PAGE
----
The Salvation Dir. Kristian Levring

[Nordisk Film; 2015]

Styles: western
Others: Unforgiven, The Outlaw Josey Wales, The Wild Bunch, For a Few Dollars More

Mads Mikkelsen has played everyone from a James Bond villain to Hannibal Lecter, yet in his native Denmark he gets the opportunity to play good guys, too. The new Danish export The Salvation is the latest example of a European filmmakers taking on a genre that’s resolutely American: the Western. The trouble is that director Kristian Levring is no Sergio Leone. Rife with unimaginative violence and xenophobic paranoia, this a Western with the right look and the wrong ambition.

Levring films in South Africa instead of the United States, and admittedly the stunning plains and deserts are a strong substitute for the real thing. Jon (Mikkelsen) is a rancher who settled in the States after disgust with Danish civil war. After years apart, his wife and son finally arrive at the train station, although they do not last long. They share a stagecoach with Paul (Michael Raymond-James), an evil man who ultimately rapes Jon’s wife and murders his son. Jon gets his revenge quickly, but Paul’s brother Delarue (Jeffrey Dean Morgan) is a tyrant who rules the nearby town through brute intimidation, and he wants blood. Jon’s capture and execution seems inevitable, except his brother Peter (Mikael Persbrandt) might stand in the way.

Every American character in The Salvation is either violent lunatic or a miserable coward. The only exception is Madelaine (Eva Green), and she’s mute after Indians took out her tongue. Now I don’t mind when filmmakers and screenwriters present large groups of people broadly — this is how all comedies and war films get made, more or less — but the problem here is the execution. All the characters, even the virtuous ones, are one dimensional to a fault. Western are meant to serve as an exploration of how civilization clashes with our basest nature. Levring does not have that curiosity or depth, so his revenge tale amount to little more than gun-slinging for its own sake.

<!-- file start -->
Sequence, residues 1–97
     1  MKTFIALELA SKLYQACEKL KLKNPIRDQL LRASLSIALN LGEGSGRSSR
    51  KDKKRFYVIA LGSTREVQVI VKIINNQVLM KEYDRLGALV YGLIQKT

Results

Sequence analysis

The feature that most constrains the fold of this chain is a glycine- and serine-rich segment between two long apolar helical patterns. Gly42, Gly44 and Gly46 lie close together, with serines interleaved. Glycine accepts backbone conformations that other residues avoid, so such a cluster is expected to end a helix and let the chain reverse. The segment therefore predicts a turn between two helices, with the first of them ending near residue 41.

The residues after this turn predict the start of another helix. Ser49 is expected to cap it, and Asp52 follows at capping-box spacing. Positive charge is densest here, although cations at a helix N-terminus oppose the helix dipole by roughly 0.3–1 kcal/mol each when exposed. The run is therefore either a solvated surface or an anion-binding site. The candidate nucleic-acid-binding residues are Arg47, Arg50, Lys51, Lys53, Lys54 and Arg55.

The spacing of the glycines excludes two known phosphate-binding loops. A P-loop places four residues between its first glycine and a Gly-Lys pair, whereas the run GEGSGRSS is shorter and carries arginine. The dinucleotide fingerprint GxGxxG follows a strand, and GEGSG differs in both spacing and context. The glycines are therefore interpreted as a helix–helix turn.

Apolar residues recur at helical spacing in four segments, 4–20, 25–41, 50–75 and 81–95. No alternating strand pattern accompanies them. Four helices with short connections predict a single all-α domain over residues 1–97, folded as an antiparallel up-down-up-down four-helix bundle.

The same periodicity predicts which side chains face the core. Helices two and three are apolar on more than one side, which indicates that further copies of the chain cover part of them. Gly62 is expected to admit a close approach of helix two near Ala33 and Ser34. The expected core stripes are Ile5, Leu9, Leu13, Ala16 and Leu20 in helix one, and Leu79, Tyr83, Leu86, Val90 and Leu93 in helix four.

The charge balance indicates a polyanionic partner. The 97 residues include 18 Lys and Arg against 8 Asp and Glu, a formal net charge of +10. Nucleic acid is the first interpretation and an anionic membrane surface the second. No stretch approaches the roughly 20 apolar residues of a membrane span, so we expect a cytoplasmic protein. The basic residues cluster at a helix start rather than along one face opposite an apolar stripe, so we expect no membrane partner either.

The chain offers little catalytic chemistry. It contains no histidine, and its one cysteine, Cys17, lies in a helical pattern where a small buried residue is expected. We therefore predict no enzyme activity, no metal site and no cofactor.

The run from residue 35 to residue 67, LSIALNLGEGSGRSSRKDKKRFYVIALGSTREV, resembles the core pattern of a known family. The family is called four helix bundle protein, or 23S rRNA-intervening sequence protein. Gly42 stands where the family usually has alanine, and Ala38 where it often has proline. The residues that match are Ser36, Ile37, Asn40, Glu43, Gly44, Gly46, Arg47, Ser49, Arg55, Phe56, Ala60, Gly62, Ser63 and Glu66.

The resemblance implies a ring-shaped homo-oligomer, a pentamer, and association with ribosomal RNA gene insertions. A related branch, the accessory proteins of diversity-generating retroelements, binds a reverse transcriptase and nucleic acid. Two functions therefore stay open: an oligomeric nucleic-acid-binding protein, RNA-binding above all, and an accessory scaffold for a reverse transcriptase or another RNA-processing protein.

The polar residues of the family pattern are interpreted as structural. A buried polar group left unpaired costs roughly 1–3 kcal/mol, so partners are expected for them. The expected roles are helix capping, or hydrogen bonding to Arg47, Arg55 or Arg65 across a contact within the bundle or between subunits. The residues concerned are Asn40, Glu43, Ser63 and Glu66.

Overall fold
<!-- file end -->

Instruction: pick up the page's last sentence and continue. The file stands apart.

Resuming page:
In is admittedly difficult to film a Western shoot-out in a compelling way. Actors are static, with simple lines of sight and little movement, so filmmakers typically add suspense through emotion or close ups. None of that happens in The Salvation. Levring only goes through the motions of a shoot-out, and his climax looks like list a series of increasingly dire gunshot wounds (CGI explosions are neither plausible nor campy).

Moreover, Jon and Delarue don’t speak beyond simple platitudes, and the terse storytelling economy denies them any depth. The strong, silent type is common in Westerns, yet they require an air of mystery, whereas we know exactly what Jon is thinking, even when he does not speak. The same can be said for Madeleine, regrettably, despite her handicap (her grim mini-arc has a misogynist streak). Mikkelsen and Green are terrific actors, yet the director betrays the strength of their performances. He does not trust them enough.

American audiences will feel like The Salvation is an imitation, as if the filmmakers ape Peckinpah/Leone without any gravitas. Foreign audiences — at least those not in Denmark — may miss its purpose entirely. Like other big budget international films with American actors (there are many in China, for instance), this is a film that’ll be best appreciated by moviegoers in its home country. The characters in The Salvation quietly accept a disturbing social contract, one that values force and vengeance over justice. The best Western filmmakers see this structure as an opportunity to explore human behavior, at its most sublime and brutal. Levring, on the other hand, wants nothing more than to play in his Western sandbox, albeit on a large scale.

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